As with other branches of pedology, the adaptation of digital imaging and computerized image analysis has transformed micromorphology from a qualitative to a quantitative science. Moreover, such comprehensive data sets enable the consideration of soil from a more holist perspective. A considerable amount of effort has been devoted, since the mid‐1980s, to the development of techniques for the automated characterization of optical imagery of soil thin sections. Though much of this work has employed pixel‐based classification, the refinement of object‐based classification routines now permits the spatial analysis of soil imagery from both the continuous field and entity approaches.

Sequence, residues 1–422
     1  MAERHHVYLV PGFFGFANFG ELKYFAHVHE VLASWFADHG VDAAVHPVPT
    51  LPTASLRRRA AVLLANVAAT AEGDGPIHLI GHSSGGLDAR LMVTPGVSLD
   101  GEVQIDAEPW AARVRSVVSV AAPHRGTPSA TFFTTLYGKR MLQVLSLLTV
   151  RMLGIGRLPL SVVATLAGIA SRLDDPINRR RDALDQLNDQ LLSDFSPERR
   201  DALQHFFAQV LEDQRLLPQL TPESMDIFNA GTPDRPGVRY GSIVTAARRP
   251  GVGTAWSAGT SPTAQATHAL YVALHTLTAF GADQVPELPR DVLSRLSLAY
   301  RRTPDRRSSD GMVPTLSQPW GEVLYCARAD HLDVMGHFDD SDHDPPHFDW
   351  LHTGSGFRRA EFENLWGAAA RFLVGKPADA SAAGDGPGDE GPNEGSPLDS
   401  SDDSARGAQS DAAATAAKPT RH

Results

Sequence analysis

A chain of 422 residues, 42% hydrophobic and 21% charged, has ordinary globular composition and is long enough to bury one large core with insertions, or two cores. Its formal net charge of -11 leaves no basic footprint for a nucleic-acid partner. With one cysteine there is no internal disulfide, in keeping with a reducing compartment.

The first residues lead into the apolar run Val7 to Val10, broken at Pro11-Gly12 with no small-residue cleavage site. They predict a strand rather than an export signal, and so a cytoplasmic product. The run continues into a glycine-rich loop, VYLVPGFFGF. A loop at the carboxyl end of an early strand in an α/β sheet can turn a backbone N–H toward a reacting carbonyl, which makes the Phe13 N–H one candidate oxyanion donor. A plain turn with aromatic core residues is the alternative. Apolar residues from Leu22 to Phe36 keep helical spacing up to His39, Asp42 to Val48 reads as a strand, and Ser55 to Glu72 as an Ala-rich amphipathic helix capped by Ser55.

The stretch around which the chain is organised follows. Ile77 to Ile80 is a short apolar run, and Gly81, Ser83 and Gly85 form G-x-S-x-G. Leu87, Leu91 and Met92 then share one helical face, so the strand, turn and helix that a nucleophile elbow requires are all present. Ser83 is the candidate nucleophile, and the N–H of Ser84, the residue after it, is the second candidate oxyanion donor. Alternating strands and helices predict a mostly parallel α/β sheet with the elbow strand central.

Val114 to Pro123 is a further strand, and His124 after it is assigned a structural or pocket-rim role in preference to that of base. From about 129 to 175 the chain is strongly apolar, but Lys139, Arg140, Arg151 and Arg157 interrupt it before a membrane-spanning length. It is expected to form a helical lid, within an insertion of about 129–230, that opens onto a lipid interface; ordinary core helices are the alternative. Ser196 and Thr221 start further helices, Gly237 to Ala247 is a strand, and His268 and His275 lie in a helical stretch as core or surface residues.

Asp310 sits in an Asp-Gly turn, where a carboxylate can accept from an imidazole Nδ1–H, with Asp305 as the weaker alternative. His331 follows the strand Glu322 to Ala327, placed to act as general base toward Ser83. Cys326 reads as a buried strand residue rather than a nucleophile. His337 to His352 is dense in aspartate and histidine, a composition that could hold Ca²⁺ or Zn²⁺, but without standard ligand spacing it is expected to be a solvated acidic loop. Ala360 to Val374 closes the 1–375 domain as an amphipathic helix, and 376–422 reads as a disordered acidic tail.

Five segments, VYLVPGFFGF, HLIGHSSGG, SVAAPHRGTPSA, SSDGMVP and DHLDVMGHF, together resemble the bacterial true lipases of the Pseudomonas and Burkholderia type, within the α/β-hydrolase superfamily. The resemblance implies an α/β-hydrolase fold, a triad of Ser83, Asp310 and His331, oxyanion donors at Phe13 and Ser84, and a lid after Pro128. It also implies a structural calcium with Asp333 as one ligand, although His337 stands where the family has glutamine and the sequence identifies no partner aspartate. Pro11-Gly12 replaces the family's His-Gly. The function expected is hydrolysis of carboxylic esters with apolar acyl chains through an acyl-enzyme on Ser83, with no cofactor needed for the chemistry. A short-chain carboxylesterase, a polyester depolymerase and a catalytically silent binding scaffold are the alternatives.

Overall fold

Thin sections have proven to be quite useful for examining the composition and association of soil components; there are, however, practical aspects that limit their detailed spatial analysis (Stoops, 2003). Features that are not large enough (20–30 μm) to extend through the section cannot be clearly...
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